California

Eel River Estuary

Rejuvenating tidal wetlands for one of California's great salmon and steelhead streams

Eel River
With its extensive free-flowing length, wilderness reaches and its relatively intact estuary, the Eel River nourishes a wide spectrum of Northern California ecosystems, from pine and redwood forests to oak savannah to tidal flats.
Photography | Ali Rivera
Eel River
The Eel River estuary is a place of tremendous biological diversity. Its mosaic of tidal flats, sloughs, marshes, and seasonal wetlands supports hundreds of thousands of resident and migratory waterfowl, as well as important habitat for coho and Chinook salmon, steelhead and coastal cutthroat trout. Western Rivers Conservancy's efforts in the Eel River estuary restored 440 acres of tidal wetlands.
Photography | Kenneth and Gabrielle Adelman
Eel River
The Eel River is California’s third largest river and boasts more Wild and Scenic miles than any other river system in the West – 398 miles along the mainstem Eel and its major tributaries. WRC conserved 440 acres within the Eel River estuary near the start of the Eel’s Wild and Scenic River corridor.
Photography | Daniel Dyer
Eel River
Although the Eel River's native fish runs are a fraction of their historic abundance, the river is still a crucial stream for wild salmon and steelhead. One third of California’s summer steelhead runs are supported by the Eel, along with important runs of Chinook and coho. WRC's efforts at the estuary have conserved vital habitat for these imperiled fish. Today, the river remains a top fishing destination.
Photography | Michael Carl
Eel River
The Eel River owes its name to the eel-like appearance of Pacific lamprey, which thrive in the river and are an important food source for Native Americans. But they aren't eels at all. Pacific lamprey are anadromous, parasitic fish with boneless bodies, open gill holes and a jawless, sucking disc-shaped mouth. They’re more related to sharks than eels.
Photography | U.S. Fish and Wildlife Service

In 2012, Western Rivers Conservancy completed a special project that we hope will inject new life into one of the most important estuaries on the California coast, the Eel River estuary. The Eel is California’s third largest river, and its mouth once formed a mosaic of tidal flats, sloughs, marshes and seasonal wetlands on the state’s remote North Coast.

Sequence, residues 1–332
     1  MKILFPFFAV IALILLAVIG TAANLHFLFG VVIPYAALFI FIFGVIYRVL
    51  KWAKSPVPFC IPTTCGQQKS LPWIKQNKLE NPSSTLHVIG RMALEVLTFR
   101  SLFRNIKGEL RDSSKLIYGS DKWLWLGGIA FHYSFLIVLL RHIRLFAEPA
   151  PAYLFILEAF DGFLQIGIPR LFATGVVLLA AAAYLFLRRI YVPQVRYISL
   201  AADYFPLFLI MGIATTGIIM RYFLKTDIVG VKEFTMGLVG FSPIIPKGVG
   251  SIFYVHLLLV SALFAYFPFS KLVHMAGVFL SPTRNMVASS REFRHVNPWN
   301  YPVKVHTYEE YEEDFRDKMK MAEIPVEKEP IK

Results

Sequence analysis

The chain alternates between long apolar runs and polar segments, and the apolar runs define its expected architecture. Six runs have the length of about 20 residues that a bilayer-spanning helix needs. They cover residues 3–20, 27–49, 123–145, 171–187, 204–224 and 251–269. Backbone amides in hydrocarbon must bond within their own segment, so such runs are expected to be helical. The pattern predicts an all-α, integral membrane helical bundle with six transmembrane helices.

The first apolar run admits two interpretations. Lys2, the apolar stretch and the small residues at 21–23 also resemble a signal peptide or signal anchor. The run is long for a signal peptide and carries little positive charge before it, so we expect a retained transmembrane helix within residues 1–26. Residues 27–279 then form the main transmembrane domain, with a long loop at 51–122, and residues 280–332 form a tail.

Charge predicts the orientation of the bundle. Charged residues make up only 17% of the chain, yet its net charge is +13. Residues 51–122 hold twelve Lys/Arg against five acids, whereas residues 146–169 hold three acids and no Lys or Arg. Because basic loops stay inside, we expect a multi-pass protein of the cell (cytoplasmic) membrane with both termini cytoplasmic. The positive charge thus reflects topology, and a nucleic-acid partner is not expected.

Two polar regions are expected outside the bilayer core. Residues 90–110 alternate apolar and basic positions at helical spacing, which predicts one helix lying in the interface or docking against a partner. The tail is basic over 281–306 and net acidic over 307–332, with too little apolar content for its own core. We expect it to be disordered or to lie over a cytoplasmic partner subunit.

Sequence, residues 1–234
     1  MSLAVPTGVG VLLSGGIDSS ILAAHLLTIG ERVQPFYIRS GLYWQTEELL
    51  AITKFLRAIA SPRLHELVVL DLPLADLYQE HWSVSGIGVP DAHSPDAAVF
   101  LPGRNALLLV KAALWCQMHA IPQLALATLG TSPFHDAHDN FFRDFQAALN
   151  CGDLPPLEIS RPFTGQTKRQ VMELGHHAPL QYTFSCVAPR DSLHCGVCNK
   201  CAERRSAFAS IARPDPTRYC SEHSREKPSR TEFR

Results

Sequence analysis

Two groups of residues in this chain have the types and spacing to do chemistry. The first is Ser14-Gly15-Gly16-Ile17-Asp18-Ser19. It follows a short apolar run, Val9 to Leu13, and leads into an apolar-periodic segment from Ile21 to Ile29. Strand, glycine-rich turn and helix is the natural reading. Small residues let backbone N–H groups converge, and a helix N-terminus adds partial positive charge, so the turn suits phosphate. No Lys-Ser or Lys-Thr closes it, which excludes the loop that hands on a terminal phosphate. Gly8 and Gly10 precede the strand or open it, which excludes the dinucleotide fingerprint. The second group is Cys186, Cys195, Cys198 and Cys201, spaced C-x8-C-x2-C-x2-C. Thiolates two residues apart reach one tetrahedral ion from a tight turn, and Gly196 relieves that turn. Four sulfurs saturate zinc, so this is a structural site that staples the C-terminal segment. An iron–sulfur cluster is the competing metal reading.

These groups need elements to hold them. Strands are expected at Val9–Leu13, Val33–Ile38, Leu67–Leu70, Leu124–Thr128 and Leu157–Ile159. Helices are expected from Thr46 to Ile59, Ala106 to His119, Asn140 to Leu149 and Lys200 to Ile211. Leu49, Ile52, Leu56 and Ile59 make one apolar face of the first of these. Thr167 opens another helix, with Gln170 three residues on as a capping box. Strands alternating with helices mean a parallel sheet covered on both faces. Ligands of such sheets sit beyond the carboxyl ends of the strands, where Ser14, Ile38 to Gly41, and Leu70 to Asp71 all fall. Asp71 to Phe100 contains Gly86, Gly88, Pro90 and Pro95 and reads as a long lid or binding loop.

Part of the Eel River estuary is formed by the Salt River, which flows into the Eel from the south. Upstream from the confluence, on the Salt River, WRC conveyed a former dairy farm to the California Department of Fish and Wildlife (CDFW). The project turns 440 acres of potentially outstanding fish and waterfowl habitat over to the agency for long-term restoration and protection.

CDFW identified the property as possibly the most beneficial restoration project within the entire watershed. With transfer of the lands to CDFW, the agency can continue restoration efforts which it began soon after WRC purchased the property in 2006. CDFW will breach levies and disable tide gates that have choked much of the life out of this important estuary. It will rejuvenate habitat for more than 30 species of fish, including salmon and cutthroat trout, and reestablish feeding and nesting sites for shorebirds like western yellow-billed cuckoo and marbled godwit.

Our work on the Eel River estuary is supported by grants from the S.D. Bechtel, Jr. Foundation, the Campbell Foundation, Heller Charitable and Educational Fund and the Dean Witter Foundation.

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